Friday, November 11, 2011
President's Colloquium to explore art, history, marginalia
This year’s President’s Colloquium will take a turn toward art, history, personalities and writing, with the topic “Art and Marginalia: The Intrigue of Tiny Black Script in the Margins.”
|"Art and Marginalia: The Intrigue of Tiny Black Script in the Margins."
Presented by Andrea Eis, associate professor of art in the Department of Art and Art History, the event is set for 11:30 a.m. on Thursday, Nov. 17, in the Oakland Center Banquet Rooms.
As a person who frequently writes her own notes in the margins of books, Eis was pleased to discover extensive notations in a series of 20 books found in the library at the International Center for Hellenic and Mediterranean Studies in Athens, Greece.
The books were originally owned by an American woman, Meta Glass, in the early 1900s. The woman's handwritten notes so fascinated Eis that she launched a project over the course of several months to photograph the books, and has since worked to transform the images into her own fresh art.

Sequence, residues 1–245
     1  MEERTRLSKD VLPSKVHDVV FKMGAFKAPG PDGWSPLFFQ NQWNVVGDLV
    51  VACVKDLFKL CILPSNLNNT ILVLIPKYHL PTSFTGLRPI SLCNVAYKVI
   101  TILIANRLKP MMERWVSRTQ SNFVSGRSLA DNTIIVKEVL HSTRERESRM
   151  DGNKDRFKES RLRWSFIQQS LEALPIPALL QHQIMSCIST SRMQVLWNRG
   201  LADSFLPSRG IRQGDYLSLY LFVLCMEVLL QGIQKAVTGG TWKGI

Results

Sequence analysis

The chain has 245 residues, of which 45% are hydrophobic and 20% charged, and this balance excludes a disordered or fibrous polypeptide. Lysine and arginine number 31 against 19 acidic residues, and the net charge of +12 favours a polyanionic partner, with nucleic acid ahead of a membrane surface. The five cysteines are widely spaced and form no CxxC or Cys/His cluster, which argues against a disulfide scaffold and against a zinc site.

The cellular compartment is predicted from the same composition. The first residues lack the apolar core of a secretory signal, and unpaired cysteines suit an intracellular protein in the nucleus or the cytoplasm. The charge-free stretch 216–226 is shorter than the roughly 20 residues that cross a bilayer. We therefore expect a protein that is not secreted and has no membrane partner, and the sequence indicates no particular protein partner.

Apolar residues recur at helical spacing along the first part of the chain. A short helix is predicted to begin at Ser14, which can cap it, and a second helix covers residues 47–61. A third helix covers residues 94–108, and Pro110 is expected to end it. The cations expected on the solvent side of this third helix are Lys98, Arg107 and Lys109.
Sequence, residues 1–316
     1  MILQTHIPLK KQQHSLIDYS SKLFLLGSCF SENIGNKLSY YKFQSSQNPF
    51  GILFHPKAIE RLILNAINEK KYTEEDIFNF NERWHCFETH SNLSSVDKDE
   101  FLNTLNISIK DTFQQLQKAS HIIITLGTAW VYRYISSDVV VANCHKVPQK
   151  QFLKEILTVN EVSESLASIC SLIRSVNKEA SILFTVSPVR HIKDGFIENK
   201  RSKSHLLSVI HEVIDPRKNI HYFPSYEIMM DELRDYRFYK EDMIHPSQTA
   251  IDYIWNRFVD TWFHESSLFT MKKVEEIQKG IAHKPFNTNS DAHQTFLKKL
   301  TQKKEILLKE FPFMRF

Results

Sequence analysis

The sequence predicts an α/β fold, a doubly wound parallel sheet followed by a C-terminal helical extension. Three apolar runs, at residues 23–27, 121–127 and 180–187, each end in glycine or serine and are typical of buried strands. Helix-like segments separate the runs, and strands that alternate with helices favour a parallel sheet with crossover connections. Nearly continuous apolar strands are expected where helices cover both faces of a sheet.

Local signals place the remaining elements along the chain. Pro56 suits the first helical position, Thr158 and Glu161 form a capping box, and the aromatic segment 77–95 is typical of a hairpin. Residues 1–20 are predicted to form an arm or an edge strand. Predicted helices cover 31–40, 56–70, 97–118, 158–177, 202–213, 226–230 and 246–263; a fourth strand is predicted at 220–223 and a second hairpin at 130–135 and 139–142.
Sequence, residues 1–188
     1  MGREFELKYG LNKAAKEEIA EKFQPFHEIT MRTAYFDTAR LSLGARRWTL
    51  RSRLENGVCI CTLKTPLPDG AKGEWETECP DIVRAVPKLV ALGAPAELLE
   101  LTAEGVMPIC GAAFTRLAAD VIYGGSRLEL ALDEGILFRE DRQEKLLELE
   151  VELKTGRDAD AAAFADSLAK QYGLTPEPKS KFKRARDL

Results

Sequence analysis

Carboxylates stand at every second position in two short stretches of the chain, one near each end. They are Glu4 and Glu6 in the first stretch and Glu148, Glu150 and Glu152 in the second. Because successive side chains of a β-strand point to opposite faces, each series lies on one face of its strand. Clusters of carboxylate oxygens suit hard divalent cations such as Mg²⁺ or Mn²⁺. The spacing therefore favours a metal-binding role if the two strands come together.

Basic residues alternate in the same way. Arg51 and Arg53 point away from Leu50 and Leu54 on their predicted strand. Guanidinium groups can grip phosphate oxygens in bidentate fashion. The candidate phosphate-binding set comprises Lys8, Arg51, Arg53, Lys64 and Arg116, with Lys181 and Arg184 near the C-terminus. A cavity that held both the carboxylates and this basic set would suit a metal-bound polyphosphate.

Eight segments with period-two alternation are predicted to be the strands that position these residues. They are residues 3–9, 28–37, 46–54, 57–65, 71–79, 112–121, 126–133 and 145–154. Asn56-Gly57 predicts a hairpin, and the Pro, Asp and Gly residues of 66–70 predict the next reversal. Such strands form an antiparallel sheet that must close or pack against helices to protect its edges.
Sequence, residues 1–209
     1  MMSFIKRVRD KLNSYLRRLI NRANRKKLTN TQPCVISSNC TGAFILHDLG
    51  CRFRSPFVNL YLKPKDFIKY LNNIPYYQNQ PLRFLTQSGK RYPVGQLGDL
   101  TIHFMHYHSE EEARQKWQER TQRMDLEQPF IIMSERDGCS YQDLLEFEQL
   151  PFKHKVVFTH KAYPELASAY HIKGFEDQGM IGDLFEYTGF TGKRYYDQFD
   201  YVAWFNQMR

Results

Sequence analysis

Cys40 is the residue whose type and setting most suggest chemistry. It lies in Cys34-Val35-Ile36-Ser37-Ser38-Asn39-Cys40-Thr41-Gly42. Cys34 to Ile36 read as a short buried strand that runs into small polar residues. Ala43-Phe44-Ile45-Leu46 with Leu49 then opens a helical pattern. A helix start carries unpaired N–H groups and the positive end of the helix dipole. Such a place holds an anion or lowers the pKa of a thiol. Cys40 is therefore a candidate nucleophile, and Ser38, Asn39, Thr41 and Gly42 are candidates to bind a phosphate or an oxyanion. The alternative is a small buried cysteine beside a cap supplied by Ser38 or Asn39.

Eis’s artworks are photographic fusions of ancient artifacts, classical texts, handwritten translators’ notes and contemporary spaces. Years of academic training in ancient Greek language and culture gave her a personal core of inspiration and knowledge, and a belief in the relevance of that knowledge.
In her art, the past is a series of stratified conversations to join in on, dialogues that can illuminate the present. The marginalia also represents a contemporaneous visual record of the workings of Meta Glass’s mind, whose presence is still vivid after one hundred years.
Eis’s presentation will explore her photographs, her efforts to collaborate with the original author of the Greek text, and to mingle with Meta Glass, to celebrate “the pleasure of words in the margins.”
A reception with heavy hors d’oeurves begins at 11:30 a.m. and the President’s Colloquium starts at noon. Seating for the event is by invitation only. For more information, call (248) 370-4915.